Goal Abstraction, Goal Linkage Dependency, and Perceived Utilitarian Value of Information Systems: A Mixed-Method Study

Goal Abstraction, Goal Linkage Dependency, and Perceived Utilitarian Value of Information Systems: A Mixed-Method Study

Sabine Matook (UQ Business School, The University of Queensland, Brisbane, QLD, Australia) and Hans van der Heijden (School of Management, Royal Holloway, University of London, UK)
Copyright: © 2013 |Pages: 18
DOI: 10.4018/joeuc.2013040103
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Abstract

Prior research has shown that the utilitarian value of an information system influences user acceptance because of the way the system helps to achieve certain user goals. It is less recognized in the literature that users have multiple goals that influence a user’s perception regarding the information system’s utilitarian value. This paper extends this body of knowledge by incorporating different types of goals into a theoretical framework. Building on means-end chain theory, two goal characteristics are identified, goal abstraction and goal linkage dependency, that both exert an influence on the utilitarian value of an information system. Findings from a qualitative and a quantitative study indicate that perceived utilitarian value changes as goal abstraction increases, and that goal linkage dependency influences the similarity of perceived utilitarian values across goals. Implications are important because they provide insight into potentially contradicting user evaluations of information systems.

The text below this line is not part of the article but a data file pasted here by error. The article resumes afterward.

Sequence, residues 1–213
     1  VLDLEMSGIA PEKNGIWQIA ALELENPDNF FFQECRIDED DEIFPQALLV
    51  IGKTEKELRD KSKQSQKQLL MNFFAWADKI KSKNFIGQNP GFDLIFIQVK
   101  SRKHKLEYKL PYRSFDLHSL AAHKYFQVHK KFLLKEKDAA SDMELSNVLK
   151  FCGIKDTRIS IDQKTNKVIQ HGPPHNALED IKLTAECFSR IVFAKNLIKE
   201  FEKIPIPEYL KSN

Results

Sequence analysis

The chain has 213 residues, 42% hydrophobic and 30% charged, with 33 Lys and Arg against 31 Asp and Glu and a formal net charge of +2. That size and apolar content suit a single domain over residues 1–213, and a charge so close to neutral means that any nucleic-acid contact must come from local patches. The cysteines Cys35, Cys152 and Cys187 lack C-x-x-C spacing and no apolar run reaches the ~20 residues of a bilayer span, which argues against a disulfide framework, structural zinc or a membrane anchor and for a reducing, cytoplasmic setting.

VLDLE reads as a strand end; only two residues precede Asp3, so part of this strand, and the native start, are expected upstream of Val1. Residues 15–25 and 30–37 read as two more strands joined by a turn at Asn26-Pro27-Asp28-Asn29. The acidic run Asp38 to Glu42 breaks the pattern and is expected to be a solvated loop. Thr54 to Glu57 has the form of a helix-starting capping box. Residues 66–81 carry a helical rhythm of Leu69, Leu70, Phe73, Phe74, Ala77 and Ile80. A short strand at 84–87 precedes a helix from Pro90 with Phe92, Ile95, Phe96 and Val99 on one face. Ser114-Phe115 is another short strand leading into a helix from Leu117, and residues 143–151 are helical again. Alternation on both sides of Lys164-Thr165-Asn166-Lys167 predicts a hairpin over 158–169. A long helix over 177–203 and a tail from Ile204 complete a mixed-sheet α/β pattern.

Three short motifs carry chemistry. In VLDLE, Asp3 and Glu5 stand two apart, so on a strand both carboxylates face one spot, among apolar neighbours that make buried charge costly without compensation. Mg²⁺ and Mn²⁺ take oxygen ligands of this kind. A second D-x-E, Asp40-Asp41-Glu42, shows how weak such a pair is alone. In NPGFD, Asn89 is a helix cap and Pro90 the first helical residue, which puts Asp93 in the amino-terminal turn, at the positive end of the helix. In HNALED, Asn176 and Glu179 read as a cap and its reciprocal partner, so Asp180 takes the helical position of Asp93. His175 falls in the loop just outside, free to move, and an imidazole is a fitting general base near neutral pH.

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Theory

Goals of individuals have been an area of extensive research interest, particularly in psychology (Austin & Vancouver, 1996) and consumer decision making (Gutman, 1982; Reynolds & Gutman, 1988). Goals are core factors in a number of theories, for example Maslow’s (1943) need hierarchy, Bandura’s (1986) social cognitive theory, Locke and Latham’s (1990) goal setting theory, and Carver and Scheier’s (1998) control theory. Goals are seen as immediate regulators of human behavior because they serve as frames of reference for an individual (Austin & Vancouver, 1996). Goals are desired states that represent consequences a person seeks to attain (positive consequences) or attempts to avoid (negative consequences) (Winell, 1987). As people strive to attain their desired states, they are prepared to exercise mental and physical efforts. The decision to act in a certain way is driven by the individual’s expectations of reaching the desired state (Erez & Kanfer, 1983).

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